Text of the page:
Elementary school is supposed to be an exciting time filled with recess, field trips and learning about multiplication tables. But for one Missouri boy, the joyful elementary experience was clouded by a nightmarish incident with a school resource officer. The American Civil Liberties Union is suing the district after a police officer allegedly put a 7-year-old boy in handcuffs because he was “disrupting” his class.
Kalyb Wiley Primm was in second grade at a Kansas City school when a police officer handcuffed him for crying in class after being bullied. According to a lawsuit filed by the ACLU this week, the officer was walking by Kalyb’s classroom and heard him crying and being “disruptive.” Rather than approach the situation with kindness and sensitivity, the officer allegedly put the 7-year-old in handcuffs and walked him to the front office to wait for his mom.
Tomesha Primm, Kalyb’s mom, says the incident terrified her son. He started having nightmares and wetting the bed. Eventually, she was forced to pull him out of school out of fear for his safety. Now, the family is speaking out about the unfair, overly aggressive treatment of their little boy, and is suing both the school district and the officer for violating Kalyb’s right to freedom from “unreasonable seizures and excessive force.”
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It can’t be easy for the Primm family to relive their ordeal, but their lawsuit is an important step in making sure what happened to Kalyb never happens to another child in their district. There is simply no excuse for putting a 7-year-old child in handcuffs, and it’s alarming that this particular officer escalated the situation to such a terrifying extent. Any second-grader would be absolutely traumatized by the experience of being handcuffed by a policeman, and an officer who regularly works with children should know better.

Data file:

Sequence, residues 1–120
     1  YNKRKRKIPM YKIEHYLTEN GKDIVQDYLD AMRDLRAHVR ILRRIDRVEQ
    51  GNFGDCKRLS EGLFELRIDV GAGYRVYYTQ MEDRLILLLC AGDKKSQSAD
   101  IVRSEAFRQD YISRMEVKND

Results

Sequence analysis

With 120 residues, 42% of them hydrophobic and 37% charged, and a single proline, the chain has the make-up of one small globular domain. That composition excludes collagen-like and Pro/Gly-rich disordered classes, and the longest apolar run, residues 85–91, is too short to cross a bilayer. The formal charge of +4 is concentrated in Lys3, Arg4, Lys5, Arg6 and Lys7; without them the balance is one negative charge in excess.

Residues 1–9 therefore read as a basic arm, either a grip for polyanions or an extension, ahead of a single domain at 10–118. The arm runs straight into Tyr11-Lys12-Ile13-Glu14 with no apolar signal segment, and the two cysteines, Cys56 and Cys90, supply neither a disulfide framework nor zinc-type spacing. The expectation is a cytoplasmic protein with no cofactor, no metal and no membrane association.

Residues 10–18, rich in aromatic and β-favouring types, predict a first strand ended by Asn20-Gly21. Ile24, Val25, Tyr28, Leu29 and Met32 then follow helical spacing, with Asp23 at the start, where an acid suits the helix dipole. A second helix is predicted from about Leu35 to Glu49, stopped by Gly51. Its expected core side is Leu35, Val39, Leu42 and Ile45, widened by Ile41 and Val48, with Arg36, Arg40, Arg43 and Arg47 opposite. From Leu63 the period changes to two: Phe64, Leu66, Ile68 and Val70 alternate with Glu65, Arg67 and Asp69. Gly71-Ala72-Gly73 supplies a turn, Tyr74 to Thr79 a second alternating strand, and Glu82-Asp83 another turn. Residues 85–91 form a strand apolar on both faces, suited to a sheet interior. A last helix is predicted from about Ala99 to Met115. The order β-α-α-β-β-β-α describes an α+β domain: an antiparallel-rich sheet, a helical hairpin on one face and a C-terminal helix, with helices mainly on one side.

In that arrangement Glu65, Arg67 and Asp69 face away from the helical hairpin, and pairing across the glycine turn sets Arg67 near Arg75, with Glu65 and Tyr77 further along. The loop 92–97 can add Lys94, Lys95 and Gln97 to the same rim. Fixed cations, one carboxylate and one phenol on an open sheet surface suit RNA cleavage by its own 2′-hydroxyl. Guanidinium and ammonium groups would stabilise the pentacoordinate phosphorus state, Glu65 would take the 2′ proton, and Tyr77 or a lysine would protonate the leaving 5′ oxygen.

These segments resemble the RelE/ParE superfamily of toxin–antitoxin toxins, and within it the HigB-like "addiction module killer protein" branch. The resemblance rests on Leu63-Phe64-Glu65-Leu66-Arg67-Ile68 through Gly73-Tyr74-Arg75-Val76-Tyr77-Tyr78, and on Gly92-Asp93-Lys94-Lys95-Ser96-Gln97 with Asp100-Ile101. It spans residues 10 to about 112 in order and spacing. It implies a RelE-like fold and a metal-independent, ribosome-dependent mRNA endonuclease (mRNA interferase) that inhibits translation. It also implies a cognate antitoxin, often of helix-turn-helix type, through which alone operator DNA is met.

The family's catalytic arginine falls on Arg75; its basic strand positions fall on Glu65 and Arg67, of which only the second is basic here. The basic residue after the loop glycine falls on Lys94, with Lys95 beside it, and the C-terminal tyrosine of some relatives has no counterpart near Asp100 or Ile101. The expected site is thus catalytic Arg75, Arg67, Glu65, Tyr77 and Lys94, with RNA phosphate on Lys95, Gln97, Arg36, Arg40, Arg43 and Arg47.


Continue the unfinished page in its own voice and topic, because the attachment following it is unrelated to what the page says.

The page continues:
As parents, we send our kids to school expecting they’ll be treated with kindness and respect. We expect that, regardless of the situation, the people interacting with our kids will do so in a positive way. More than anything, we expect that the people in charge of our children will be trained to work with them, to discipline them fairly, to help them solve their problems and to create an environment that makes them feel safe and valued.
A second-grader has no capacity to be a menace or a threat. Kalyb was being bullied, and he was expressing his emotions. He needed to be heard and soothed, not handcuffed. What happened to him was devastating and dehumanizing, and an officer who treats a crying second-grader like a criminal has no business working with kids.
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